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Citizen Capitalism: How a Universal Fund can provide Influence and Income to all

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In the face of growing wealth inequality worldwide, more and more people are discussing alternatives to the current laissez-faire capitalism status quo.  Tamara Belinfanti, Sergio Gramitto and the late Lynn Stout offer up their own solution in Citizen Capitalism: How a universal fund can provide influence and income to all.

Our authors have devised up a concept they call the Universal Fund.  It’s like a sovereign wealth fund, but is privately created and funded via private ordering. That means that the Universal Fund is to be created from donations of stocks by companies and philanthropists.  The government would hence be uninvolved; the Universal Fund is not a socialist venture.  Rather, it is in part modeled on the structure of NGOs like the Sierra Club and the Red Cross. The Fund would provide an annual dividend to every citizen, with no maximum income cap.  Though it may seem absurd to send welfare payments to the wealthy, it’s politically savvy framing.  A free public college bill was passed in ultraconservative Tennessee thanks to having no maximum income cap; conservative detractors weren’t able to use the “class warfare” and “welfare queen” arguments. It should be noted that charitable tax deductions, estate tax reductions and lowered tax brackets would act as a de facto government incentive for the wealthy to donate to the Universal Fund.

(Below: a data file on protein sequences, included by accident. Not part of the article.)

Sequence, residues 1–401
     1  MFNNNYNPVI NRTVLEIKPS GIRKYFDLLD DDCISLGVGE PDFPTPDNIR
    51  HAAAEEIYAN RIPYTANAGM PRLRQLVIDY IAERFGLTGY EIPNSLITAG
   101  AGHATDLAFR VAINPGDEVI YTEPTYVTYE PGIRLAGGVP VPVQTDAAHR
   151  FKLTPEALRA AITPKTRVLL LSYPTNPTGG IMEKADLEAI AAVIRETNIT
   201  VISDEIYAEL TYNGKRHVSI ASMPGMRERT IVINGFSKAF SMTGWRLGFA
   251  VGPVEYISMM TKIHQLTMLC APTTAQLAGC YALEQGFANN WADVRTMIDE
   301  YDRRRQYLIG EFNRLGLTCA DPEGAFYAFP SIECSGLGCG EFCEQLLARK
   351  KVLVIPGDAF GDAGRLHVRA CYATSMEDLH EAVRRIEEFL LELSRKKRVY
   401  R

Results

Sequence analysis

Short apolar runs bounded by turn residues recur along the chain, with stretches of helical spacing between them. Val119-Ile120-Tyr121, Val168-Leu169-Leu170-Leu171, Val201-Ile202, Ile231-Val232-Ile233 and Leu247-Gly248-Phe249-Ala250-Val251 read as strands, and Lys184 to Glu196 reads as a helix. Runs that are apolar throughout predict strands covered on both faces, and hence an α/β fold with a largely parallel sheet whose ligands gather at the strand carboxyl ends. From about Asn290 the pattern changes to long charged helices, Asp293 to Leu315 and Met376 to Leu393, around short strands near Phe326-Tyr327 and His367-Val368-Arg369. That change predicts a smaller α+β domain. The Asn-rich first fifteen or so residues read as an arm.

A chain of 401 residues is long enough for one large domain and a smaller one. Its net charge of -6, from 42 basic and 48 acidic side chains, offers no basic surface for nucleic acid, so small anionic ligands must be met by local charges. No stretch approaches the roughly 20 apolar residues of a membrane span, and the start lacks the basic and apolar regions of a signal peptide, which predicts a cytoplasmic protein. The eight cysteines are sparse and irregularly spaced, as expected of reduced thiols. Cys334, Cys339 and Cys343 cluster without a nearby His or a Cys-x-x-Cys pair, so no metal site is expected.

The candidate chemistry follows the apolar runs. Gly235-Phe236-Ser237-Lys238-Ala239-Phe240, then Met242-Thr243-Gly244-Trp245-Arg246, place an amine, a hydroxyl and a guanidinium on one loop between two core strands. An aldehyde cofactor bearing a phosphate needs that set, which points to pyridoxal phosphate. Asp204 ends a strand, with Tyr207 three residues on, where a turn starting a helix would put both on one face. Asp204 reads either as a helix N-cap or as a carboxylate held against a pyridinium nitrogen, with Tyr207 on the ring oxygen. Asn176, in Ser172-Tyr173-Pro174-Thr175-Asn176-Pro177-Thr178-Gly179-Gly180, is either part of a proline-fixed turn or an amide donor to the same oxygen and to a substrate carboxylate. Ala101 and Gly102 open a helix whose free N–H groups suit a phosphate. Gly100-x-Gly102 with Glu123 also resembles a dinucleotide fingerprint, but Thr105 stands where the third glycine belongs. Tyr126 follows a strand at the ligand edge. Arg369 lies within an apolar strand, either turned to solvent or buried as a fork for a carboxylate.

The goals of the Universal Fund would be to decrease wealth inequality, encourage long-term investment and increase civic engagement in corporate culture.  On the last point, the authors remind us that, “The top 10% [of wealthiest Americans] hold more than 90% of all shares.”  Even in regards to the other 10% of shares owned, most of them are passively owned.  Most small-time investors don’t have time to vote in the annual general meetings of every company in which they are invested in.  Thus, boardroom votes are dominated by two shareholder proxy advisory firms and individual investors who own a substantial percentage of shares, as well as fund portfolio & hedge fund managers.

These Wall Street elites naturally tend to vote based upon their elitist interests.  Thus, they usually make decisions that are insane in terms of employee welfare, long-term corporate growth, executive pay and the environment. For example, `the authors remind us of the recent case of Martin Shkreli, the hedge fund manager who acquired Turing Pharmaceuticals and then raised AIDS medication prices from $13.50 to $750. This is the embodiment of the Reagan-era Golden Rule of maximizing shareholder value.  Not only is this Gordon Gekko truism objectively crazy, it’s actually legally unfounded.  Contrary to what you hear on CNBC or Fox Business, there’s no legal requirement that companies only focus on maximizing shareholder value.  The book relates the following quote from Supreme Court Justice Samuel Alito comments in the recent case Burwell v. Hobby Lobby:“Modern corporate law does not require for-profit corporations to pursue profit at the expense of everything else, and many do not do so.”

CITIZEN CAPITALISM points to the ongoing successes of the sovereign wealth funds of Norway and Alaska, an ultraliberal and an ultraconservative society, respectively.  The Alaskan fund generally provides each citizen with a dividend payment of a few thousand dollars each year, via the state’s oil revenues.  The Government Pension Fund Norway is a more pertinent example, since it’s funded through a $1T stock portfolio.  Norway is not only able to fund its citizens’ pensions through the Fund, but also exert a moral influence on the market.  The Fund boycotts various egregious companies, like cigarette manufacturers, and will sell its shares in a company that gets exposed for abusive practices, like say employing child labor.  Our authors likewise want the Universal Fund to use a carrot-and-stick approach in regards to corporate ethics.